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Section 31

31. But if each of the two phases of the soul, as we have said, possesses memory, and memory is vested in the imaging faculty, there must be two such faculties. Now that is all very well as long as the two souls stand apart; but, when they are at one in us, what becomes of the two faculties, and in which of them is the imaging faculty vested?

If each soul has its own imaging faculty the images must in all cases be duplicated, since we cannot think that one faculty deals only with intellectual objects, and the other with objects of sense, a distinction which inevitably implies the co-existence in man of two life-principles utterly unrelated.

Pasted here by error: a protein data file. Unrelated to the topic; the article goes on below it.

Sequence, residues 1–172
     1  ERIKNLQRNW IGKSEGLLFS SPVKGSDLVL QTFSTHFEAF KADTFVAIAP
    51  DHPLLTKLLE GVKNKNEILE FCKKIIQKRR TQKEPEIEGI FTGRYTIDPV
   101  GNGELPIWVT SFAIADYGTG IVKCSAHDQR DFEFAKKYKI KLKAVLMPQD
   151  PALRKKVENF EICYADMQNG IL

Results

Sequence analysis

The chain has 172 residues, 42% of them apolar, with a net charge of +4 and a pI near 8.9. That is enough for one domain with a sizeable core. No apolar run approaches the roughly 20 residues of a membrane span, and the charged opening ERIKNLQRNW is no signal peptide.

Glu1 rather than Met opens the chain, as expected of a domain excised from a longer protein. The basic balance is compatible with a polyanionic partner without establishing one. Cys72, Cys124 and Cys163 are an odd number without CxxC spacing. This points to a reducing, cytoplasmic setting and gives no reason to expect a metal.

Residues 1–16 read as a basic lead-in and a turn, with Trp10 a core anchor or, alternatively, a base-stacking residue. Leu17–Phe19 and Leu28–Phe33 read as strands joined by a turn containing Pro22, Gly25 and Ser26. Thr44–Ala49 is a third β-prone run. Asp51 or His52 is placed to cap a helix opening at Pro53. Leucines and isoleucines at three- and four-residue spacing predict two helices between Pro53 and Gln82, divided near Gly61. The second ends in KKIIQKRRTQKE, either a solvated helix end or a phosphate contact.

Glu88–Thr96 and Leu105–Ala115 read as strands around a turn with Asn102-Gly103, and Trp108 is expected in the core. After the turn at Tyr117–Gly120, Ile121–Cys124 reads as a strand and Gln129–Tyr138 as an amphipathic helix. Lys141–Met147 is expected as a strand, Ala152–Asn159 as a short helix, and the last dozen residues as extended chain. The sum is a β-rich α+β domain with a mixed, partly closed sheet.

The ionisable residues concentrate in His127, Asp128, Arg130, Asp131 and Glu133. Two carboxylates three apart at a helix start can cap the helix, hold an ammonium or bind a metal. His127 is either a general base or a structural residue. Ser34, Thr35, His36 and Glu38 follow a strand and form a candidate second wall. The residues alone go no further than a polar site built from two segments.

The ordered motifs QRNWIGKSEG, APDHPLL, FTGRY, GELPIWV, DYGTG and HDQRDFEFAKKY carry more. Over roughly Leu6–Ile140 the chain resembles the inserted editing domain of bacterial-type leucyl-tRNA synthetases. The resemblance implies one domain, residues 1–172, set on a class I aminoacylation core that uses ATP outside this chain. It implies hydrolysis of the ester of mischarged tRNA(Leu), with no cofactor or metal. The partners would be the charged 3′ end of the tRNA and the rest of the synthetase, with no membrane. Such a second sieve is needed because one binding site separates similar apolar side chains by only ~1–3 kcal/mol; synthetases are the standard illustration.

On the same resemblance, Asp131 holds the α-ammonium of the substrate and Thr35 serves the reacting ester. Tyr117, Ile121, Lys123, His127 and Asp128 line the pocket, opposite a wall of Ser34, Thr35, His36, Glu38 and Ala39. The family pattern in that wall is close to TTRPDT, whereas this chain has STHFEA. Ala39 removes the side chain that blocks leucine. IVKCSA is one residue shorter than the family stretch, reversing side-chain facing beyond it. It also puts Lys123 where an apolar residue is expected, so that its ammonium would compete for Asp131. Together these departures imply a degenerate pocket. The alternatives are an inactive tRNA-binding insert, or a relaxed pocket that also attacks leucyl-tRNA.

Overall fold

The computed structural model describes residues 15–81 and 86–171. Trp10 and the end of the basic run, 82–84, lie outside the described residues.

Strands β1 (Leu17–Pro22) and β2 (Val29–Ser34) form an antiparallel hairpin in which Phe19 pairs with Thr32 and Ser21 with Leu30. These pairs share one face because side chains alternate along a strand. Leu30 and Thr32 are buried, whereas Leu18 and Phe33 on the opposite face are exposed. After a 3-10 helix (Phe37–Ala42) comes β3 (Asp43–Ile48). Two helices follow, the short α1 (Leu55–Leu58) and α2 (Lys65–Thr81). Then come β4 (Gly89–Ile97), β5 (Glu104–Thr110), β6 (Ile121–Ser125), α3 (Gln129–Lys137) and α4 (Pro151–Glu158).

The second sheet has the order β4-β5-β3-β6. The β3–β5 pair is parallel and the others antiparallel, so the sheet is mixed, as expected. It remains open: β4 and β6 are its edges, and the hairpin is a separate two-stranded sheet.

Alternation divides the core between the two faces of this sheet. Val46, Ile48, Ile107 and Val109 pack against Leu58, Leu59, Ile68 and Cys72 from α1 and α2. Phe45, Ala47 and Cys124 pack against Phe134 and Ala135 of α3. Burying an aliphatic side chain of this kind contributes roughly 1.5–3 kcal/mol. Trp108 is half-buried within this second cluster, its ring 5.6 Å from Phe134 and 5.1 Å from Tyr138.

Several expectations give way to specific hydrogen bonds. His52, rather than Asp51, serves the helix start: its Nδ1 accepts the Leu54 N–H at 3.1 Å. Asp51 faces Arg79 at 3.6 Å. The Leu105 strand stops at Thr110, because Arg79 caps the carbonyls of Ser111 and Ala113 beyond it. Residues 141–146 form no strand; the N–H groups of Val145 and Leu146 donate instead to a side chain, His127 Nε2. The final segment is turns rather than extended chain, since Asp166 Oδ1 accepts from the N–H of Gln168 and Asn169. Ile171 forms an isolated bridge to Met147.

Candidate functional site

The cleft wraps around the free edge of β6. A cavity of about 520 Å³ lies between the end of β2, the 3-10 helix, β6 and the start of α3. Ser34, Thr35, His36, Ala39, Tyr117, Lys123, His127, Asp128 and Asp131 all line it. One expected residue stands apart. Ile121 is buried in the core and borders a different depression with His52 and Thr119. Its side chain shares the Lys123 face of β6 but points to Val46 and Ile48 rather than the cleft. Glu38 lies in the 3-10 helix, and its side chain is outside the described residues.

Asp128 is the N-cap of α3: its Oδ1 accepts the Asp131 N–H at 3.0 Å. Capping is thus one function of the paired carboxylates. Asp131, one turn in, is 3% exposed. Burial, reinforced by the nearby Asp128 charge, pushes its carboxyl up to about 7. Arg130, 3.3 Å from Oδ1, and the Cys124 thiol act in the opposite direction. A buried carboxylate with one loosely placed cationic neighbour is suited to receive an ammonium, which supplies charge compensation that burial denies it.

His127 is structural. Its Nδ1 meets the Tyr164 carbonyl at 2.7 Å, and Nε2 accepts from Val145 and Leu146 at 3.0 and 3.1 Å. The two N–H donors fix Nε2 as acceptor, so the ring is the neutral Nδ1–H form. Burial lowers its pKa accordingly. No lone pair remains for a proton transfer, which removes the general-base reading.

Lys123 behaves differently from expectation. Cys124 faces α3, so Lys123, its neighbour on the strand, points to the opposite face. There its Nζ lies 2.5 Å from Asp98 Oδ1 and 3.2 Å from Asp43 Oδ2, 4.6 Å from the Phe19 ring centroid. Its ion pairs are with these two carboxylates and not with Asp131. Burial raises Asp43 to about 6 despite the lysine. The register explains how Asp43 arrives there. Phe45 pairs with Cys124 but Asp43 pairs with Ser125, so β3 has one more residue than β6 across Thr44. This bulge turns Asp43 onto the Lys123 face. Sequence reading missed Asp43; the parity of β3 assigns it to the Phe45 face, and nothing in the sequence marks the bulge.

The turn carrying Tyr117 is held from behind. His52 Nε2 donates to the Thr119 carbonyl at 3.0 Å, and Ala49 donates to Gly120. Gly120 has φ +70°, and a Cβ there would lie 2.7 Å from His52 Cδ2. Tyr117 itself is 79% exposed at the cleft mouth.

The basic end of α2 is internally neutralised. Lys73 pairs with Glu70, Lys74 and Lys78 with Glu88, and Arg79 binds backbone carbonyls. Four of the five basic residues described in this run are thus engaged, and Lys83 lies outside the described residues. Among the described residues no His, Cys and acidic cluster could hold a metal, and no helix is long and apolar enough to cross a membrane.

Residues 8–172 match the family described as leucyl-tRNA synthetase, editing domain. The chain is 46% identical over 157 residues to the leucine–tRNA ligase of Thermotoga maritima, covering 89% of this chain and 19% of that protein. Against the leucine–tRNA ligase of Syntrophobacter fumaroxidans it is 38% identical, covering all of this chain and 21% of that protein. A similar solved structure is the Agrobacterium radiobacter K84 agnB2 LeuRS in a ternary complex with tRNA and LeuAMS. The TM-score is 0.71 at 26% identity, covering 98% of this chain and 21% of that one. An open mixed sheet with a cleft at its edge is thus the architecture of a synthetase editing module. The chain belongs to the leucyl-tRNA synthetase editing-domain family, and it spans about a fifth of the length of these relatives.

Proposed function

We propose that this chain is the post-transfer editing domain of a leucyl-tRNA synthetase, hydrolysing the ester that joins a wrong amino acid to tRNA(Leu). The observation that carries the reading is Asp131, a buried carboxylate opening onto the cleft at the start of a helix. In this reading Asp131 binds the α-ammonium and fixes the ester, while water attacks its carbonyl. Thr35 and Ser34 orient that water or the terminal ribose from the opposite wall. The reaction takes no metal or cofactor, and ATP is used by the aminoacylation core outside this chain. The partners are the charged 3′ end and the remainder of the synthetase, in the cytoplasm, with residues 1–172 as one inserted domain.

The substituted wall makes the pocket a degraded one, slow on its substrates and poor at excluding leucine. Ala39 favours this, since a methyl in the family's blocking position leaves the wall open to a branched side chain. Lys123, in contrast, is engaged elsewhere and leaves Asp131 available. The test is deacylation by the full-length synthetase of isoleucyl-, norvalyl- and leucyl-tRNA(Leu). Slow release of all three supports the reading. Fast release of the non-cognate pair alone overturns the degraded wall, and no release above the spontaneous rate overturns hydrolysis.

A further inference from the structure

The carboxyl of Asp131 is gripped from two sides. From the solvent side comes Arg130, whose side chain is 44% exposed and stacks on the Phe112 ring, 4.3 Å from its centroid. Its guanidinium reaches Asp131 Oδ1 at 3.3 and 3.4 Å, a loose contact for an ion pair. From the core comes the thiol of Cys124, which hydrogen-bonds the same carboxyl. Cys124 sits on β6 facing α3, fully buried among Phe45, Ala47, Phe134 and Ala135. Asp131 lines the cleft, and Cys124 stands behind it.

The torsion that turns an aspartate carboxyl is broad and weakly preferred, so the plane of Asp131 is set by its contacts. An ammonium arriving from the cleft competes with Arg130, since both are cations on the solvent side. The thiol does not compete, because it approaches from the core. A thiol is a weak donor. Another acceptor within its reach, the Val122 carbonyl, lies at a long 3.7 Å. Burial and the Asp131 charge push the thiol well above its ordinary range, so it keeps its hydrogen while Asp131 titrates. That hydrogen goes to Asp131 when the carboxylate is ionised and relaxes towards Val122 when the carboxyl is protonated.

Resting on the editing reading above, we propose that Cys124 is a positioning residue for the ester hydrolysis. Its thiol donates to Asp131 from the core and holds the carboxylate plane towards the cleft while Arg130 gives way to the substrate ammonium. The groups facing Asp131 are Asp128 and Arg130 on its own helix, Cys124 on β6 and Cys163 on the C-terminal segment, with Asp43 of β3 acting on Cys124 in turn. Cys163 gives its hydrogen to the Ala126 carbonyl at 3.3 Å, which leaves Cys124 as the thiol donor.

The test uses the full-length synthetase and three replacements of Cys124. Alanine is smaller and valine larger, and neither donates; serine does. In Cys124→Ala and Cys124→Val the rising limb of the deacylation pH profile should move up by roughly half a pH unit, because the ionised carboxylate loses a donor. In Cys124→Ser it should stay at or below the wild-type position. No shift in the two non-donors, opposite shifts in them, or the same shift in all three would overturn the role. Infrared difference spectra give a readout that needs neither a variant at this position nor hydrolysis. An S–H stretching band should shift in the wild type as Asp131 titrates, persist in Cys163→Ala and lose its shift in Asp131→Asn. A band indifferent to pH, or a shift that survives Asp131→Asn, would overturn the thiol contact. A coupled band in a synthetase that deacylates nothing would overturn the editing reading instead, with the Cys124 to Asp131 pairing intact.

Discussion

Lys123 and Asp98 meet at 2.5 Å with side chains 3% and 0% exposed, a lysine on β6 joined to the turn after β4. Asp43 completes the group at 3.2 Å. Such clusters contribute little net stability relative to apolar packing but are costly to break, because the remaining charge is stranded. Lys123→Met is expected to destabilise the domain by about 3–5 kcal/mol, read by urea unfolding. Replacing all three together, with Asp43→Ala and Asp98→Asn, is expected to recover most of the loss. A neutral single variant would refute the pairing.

And if both orders of image act upon both orders of soul, what difference is there in the souls; and how does the fact escape our knowledge?

The answer is that, when the two souls chime each with each, the two imaging faculties no longer stand apart; the union is dominated by the more powerful of the faculties of the soul, and thus the image perceived is as one: the less powerful is like a shadow attending upon the dominant, like a minor light merging into a greater: when they are in conflict, in discord, the minor is distinctly apart, a self-standing thing- though its isolation is not perceived, for the simple reason that the separate being of the two souls escapes observation.

The two have run into a unity in which, yet, one is the loftier: this loftier knows all; when it breaks from the union, it retains some of the experiences of its companion, but dismisses others; thus we accept the talk of our less valued associates, but, on a change of company, we remember little from the first set and more from those in whom we recognize a higher quality.

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